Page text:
Cermaq Canada has renewed its protocol agreement with Ahousaht First Nation to continue open-net fish farm operations in Clayoquot Sound and Ahousaht traditional territory for the next five years despite the federal government’s stated plans to phase out open-net fish farming.
Manager director of Cermaq Canada David Kiemele said the federal policy around the transition plan has yet to be defined.
“Our protocol is with the Ahousaht Nation, and their ability to make decisions for their economic self-determination is very important. We are happy to play a role in that piece. I wouldn’t let something that is still floating out there in ambiguity to prevent us from doing work with the Ahousaht Nation,” Kiemele said.
Cermaq Canada operates more than 70 per cent of its farming operations in Ahousaht Territory under the Ahousaht Protocol Agreement. Respect and recognition of Ahousaht governance, territory, and position as a rights-holder is central to the protocol, reads a May 25 media statement from Cermaq Canada.
“At the end of day, the relationship between myself and the Nation is in a good place. We are just committed to doing things better moving forward,” said Kiemele.
According to the fish farming company, the renewed protocol agreement builds upon the previous, which addressed operational plans, environmental stewardship, wild salmon conservation, economic development, benefits sharing, employment and emerging business opportunities.
“New to this latest protocol, is a further focus on reconciliation and wild salmon, area-based management, innovation, MHSS specific standards and broader environmental monitoring in recognition of changing ocean conditions, climate change and potential salmon farming impacts and opportunities” reads Cermaq Canada’s media statement.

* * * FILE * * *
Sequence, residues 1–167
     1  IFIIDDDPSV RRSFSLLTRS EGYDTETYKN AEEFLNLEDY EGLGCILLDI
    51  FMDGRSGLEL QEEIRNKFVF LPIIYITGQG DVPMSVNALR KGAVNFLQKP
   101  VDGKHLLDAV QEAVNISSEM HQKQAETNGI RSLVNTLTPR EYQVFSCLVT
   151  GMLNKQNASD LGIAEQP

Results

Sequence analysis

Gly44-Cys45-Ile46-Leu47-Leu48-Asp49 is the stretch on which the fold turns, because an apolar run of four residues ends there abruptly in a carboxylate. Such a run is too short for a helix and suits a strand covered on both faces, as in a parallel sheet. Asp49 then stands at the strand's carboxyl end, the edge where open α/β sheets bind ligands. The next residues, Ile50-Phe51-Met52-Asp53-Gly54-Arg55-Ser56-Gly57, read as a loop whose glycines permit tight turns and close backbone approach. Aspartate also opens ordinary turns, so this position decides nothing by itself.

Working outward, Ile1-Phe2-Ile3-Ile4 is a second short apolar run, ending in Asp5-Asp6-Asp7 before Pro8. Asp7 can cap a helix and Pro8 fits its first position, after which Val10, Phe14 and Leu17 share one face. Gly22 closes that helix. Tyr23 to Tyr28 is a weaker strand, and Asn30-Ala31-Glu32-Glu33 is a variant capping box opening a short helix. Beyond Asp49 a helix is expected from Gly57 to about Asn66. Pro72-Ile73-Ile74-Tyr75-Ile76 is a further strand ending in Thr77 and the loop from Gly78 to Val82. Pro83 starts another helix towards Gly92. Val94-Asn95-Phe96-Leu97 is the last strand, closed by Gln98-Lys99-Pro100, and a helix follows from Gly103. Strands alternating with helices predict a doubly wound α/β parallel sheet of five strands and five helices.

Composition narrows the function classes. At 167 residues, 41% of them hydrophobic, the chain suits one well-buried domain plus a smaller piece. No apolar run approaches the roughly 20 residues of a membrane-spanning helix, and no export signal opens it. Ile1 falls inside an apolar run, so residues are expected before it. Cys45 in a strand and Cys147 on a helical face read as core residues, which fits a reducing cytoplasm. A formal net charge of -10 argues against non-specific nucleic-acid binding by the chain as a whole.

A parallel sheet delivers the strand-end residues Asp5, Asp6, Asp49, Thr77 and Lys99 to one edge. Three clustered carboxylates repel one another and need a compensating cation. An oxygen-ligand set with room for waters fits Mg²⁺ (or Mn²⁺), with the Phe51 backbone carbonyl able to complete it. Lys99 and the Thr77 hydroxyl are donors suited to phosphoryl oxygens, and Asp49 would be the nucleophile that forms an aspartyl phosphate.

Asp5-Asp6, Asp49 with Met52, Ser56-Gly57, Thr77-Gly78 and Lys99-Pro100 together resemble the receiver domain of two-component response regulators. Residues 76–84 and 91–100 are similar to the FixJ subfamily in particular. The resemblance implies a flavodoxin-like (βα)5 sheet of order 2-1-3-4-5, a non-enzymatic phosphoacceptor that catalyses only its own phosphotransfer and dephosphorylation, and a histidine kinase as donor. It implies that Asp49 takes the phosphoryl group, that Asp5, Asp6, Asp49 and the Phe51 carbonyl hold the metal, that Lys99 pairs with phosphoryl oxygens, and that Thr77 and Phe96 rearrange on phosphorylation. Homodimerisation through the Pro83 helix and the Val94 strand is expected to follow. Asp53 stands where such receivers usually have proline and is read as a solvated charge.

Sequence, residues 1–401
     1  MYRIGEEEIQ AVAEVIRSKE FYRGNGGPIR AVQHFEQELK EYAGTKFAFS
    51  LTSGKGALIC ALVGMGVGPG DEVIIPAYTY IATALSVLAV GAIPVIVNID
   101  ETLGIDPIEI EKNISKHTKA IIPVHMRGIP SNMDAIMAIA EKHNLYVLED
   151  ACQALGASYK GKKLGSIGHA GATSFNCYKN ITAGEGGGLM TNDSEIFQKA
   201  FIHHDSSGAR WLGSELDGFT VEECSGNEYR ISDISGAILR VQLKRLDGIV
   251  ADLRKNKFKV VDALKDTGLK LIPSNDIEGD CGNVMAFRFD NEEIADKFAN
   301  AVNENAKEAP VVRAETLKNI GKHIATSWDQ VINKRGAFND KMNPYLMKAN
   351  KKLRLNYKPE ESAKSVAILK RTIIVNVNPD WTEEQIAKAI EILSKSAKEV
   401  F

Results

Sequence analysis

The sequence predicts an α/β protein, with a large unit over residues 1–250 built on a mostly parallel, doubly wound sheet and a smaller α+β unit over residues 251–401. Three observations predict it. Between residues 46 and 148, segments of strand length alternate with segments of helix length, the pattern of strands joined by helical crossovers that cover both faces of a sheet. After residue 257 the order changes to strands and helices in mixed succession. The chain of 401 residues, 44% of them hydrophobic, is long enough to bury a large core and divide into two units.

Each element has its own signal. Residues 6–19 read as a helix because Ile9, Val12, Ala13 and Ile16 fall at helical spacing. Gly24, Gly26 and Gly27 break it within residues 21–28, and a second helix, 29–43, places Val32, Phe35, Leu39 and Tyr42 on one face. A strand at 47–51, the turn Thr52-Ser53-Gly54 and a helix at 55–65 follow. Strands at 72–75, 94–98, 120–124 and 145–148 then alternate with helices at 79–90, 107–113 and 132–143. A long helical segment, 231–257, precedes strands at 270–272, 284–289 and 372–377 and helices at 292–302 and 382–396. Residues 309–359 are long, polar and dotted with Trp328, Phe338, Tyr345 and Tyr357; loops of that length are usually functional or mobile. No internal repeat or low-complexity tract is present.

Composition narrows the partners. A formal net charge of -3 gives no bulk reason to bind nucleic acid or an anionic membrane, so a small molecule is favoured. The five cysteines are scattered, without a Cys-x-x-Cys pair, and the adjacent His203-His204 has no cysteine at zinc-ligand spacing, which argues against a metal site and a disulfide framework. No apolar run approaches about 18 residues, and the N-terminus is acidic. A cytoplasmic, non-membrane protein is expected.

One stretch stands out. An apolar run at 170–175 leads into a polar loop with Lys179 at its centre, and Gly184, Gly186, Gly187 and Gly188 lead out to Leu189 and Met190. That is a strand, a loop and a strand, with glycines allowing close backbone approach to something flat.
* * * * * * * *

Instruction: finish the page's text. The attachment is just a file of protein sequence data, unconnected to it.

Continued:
Hasheukumiss (Richard George), son of Tyee Ha’wiih and president of protocol signatory Maaqtusiis Hahoulthee Stewardship Society, released the following statement on behalf of the Ahousaht Ha’wiih (Hereditary Chiefs):
“We are at a point of unprecedented challenges brought on by climate change, and a lack of understanding, particularly in government of our Nation’s rights and this important relationship. We are committed to working together to tackle both challenges through continued advancement of meaningful and measurable climate action, a focus on the health and well-being of the Ahousaht Nation, the protection and enhancement of wild salmon and providing open dialogue about the shared value approach of Cermaq Canada to increase understanding across governments of the critical role this business plays in rural coastal indigenous and non-indigenous communities alike.”
A May 25 email statement from Claire Teichman, press secretary for Minister of Fisheries and Oceans Minister Joyce Murray, re-iterated the federal government’s commitment to transitioning away from open-net farms.
“Last spring, former Parliamentary Secretary Terry Beech concluded engagements on a plan to phase out open-net pen fish farms, which was published in July 2021, and DFO officials are in the process of building on this work,” wrote Teichman.
Teichman said collaboration with Indigenous communities, the Province of B.C. and industry stakeholders will be key to developing a successful transition plan that includes a vision to create economic opportunities for communities that rely on fish farming.
“DFO is in consultation with the licence holders and a decision will be made in due course. The protection of wild Pacific salmon is a priority for British Columbians,” Teichman said. “In recent years, climate change, including B.C.’s recent landslides and flooding, habitat loss and fishing pressures have negatively affected Pacific salmon at every stage of the life cycle.”